Religion is funny. I don’t know what it is, maybe it’s the rituals in foreign tongues, maybe it’s the ridiculous outfits, maybe it’s the fact that all the followers are devoting their lives to utter nonsense, blindly believing that there is a God and he has a great plan for us all. What fools. Of course I’m joking, I’m hardly in a position to decide whether or not there is a supreme being, or whether or not any or all the world’s religions are a foolish waste of time. However, if that offended you, maybe Saved! Isn’t the film you should be spending a quiet Sunday night in with.
Mary (Jena Malone) is a confused girl, despite living a good life and being true to the word of God, her boyfriend has been struck by a terrible affliction, yes, Dean (Chad Faust) is gay. Driven by what she believes to be a message from Jesus himself, she decides the only way to cure him is to let him know how wonderful women can be, pre-marital sex can’t be a sin if you’re trying to help someone, right? Unfortunately for Mary not only does it not prove to Dean that girls are perfect for him, but it also leaves her in rather a nasty predicament, That’s right, Mary has fallen victim to a rather less than immaculate conception. Now Mary’s whole way of life is in jeopardy, obviously an abortion is out of the question, but she’s unwed, and rather likely to stay that way, plus how can she keep her position in the Christian Jewels – her school’s band – in her condition, she’s hardly setting an example anymore. It looks rather like Mary is about to have a crisis of faith.
Saved! is a risky film, any movie that tackles religion is going to be controversial, film-makers have had to face picket lines at their movies for decades, regardless of whether a single person objecting to their film has even seen it, let alone got a clue about its message. Not to mention Saved! takes the riskiest possible route, making Christianity a source of parody, for some reason Christians have a hard time having their wrongdoing’s pointed out to them, especially when people are laughing too. Actually that’s rather unfair, it’s fundamentalist Christians that seem to be unable to hear a bad word said against them, unfortunately for them they are exactly the kind of Christians Saved! is set against. It certainly isn’t an anti-Christian film, quite the opposite, its message – which is anything but ambiguous by the time the credits roll – is very pro-Christian, what it does do, rather mercilessly, is satire the kind of fundamentalist Christian attitudes that create a lack of the tolerance and forgiveness that should be so central to their lives.
It does take a few swipes at the growing wave of trendy Christians, the school’s Pastor – Skip – is desperate to connect with his kids, somersaulting onto stage and ‘bigging up’ Jesus, his son Patrick (Patrick Fugit) is on the Christian skateboard team – hitting the board for the lord – but these are never meant to be anything but good people. Even the film’s ‘bad guy’ Hilary Faye (Mandy Moore) despite numerous acts that are decidedly un-Christian, getting more so as the film goes on, is always trying to do what she thinks is the right thing. Hilary Faye is just lost in the words and missing the message, taking everything too far in her ambitions to do things right. Sometimes these are very funny – describing her brother Roland who is wheelchair bound, as having ‘differently abledness’ for example – but even she knows when she’s gone too far. She sees Mary getting increasingly ‘lost’ even before anyone discovers the pregnancy, and the further she strays from the Christian Jewels, the more Hilary Faye wants to save her. But when it becomes apparent that she won’t be able to – or maybe it’s because Patrick seems to be rather more interested in Mary than her – she goes to some lengths to see Mary cast out of the flock. She’s doing bad things, but for the right reason, so that makes it okay, right? She just seems unable to see the parallels between her and Mary. And parallels are what Saved! is all about, finding ways to see how the people we think are different are really rather similar to ourselves. What could be more Christian than that?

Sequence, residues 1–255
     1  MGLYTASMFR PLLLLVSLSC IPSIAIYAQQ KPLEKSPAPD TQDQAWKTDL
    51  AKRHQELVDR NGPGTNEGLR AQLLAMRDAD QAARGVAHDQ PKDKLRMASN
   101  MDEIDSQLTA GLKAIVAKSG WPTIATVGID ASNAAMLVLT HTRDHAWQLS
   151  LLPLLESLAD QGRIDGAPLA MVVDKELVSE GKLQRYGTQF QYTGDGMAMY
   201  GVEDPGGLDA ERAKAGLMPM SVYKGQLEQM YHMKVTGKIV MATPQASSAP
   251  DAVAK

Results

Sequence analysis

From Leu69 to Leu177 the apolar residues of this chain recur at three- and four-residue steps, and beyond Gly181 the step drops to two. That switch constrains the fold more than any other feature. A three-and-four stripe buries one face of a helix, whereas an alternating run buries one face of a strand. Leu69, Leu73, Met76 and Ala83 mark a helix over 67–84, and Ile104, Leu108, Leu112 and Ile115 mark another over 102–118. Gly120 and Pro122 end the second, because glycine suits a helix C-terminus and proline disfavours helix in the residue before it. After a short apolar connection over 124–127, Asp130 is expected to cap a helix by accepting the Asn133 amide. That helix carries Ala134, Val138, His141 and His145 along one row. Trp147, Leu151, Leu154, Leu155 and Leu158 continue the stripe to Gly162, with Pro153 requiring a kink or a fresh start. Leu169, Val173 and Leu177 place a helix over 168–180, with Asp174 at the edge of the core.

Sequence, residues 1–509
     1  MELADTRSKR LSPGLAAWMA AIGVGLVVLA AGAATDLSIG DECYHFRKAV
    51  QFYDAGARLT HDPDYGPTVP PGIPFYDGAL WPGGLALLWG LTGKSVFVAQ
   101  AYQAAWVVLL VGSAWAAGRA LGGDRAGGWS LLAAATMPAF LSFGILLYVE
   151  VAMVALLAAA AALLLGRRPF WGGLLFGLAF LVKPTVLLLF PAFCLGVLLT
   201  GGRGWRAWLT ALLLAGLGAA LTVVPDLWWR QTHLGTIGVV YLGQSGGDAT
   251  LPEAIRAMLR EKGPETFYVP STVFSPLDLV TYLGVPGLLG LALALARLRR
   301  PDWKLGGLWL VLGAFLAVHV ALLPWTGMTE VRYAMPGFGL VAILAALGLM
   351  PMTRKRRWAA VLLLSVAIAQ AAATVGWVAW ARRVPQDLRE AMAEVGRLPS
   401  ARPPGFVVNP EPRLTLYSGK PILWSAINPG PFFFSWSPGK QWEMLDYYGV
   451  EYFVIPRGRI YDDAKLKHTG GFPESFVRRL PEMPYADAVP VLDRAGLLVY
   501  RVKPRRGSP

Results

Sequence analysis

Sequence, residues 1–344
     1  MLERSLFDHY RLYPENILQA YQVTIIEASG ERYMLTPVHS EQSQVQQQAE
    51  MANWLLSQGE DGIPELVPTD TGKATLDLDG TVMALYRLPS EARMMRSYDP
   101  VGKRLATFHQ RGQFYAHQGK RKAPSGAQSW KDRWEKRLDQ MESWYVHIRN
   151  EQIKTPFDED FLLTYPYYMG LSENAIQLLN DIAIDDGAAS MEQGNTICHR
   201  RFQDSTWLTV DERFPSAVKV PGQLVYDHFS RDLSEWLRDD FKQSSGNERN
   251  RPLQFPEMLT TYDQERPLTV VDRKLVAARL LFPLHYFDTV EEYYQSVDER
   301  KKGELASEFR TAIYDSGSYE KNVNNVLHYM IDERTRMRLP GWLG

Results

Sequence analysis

The acting is frequently excellent, and contains a few surprises. First of all, I didn’t think I would ever enjoy a Mandy Moore film, but this is pretty far removed from the pap she’s been cast in, squarely aimed at 12 year old girls, though ironically the issues Saved! deals with are far more likely to be relevant to 12 year olds these days. Her performance really is very good, not Oscar material by a long stretch, but it does look like Ms. Moore might have a future in acting, rather than whatever you’d call what she was doing in A Walk to Remember. Macaulay Culkin also gets a chance to stretch his legs, at least from an acting point of view, as Hilary Faye’s brother Roland. It’s odd to think someone who became famous so long ago is still able to make high school movies, though he has said this would be his only one, and he was very committed to putting in a great performance. Roland is very much the voice of the audience, Roland isn’t a Christian, Roland thinks Hilary Faye is intolerable, but what with her disability van being his only form of transport he’s rather stuck with her. But his dry wit and sly distaste for the Christian lifestyle that is forced on him everyday provides a lot of the film’s laughs and he’s the easiest character for the audience to connect with. That’s not to say that Mary isn’t a sympathetic character, but her pregnancy and subsequent crisis of faith isn’t a situation most of us will have found ourselves in, but I’m sure most of us have been the one joking about Christians. Jena Malone’s performance is of course noteworthy, but then that’s something that’s becoming rather expected of her. Excellent performances in Donnie Darko, Life as a House, and The Dangerous Lives of Altar Boys (alongside Macaulay’s brother Kieran) all point to her having a long career as an actress.